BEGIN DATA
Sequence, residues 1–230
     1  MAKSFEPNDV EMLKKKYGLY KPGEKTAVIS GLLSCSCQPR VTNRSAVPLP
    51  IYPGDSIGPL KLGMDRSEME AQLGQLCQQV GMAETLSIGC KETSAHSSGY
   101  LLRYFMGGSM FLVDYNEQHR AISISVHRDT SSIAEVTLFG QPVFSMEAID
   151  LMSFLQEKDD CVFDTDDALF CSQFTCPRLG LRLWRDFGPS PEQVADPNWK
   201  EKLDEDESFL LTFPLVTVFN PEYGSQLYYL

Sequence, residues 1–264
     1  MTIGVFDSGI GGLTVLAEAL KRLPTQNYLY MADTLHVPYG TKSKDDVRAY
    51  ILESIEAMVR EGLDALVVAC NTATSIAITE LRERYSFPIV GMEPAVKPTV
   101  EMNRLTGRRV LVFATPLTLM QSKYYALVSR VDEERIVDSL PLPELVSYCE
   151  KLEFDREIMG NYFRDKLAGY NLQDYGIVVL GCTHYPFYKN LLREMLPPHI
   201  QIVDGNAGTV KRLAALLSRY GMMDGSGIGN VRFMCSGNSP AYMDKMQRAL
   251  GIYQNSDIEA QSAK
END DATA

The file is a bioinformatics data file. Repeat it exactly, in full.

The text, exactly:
Sequence, residues 1–230
     1  MAKSFEPNDV EMLKKKYGLY KPGEKTAVIS GLLSCSCQPR VTNRSAVPLP
    51  IYPGDSIGPL KLGMDRSEME AQLGQLCQQV GMAETLSIGC KETSAHSSGY
   101  LLRYFMGGSM FLVDYNEQHR AISISVHRDT SSIAEVTLFG QPVFSMEAID
   151  LMSFLQEKDD CVFDTDDALF CSQFTCPRLG LRLWRDFGPS PEQVADPNWK
   201  EKLDEDESFL LTFPLVTVFN PEYGSQLYYL

Sequence, residues 1–264
     1  MTIGVFDSGI GGLTVLAEAL KRLPTQNYLY MADTLHVPYG TKSKDDVRAY
    51  ILESIEAMVR EGLDALVVAC NTATSIAITE LRERYSFPIV GMEPAVKPTV
   101  EMNRLTGRRV LVFATPLTLM QSKYYALVSR VDEERIVDSL PLPELVSYCE
   151  KLEFDREIMG NYFRDKLAGY NLQDYGIVVL GCTHYPFYKN LLREMLPPHI
   201  QIVDGNAGTV KRLAALLSRY GMMDGSGIGN VRFMCSGNSP AYMDKMQRAL
   251  GIYQNSDIEA QSAK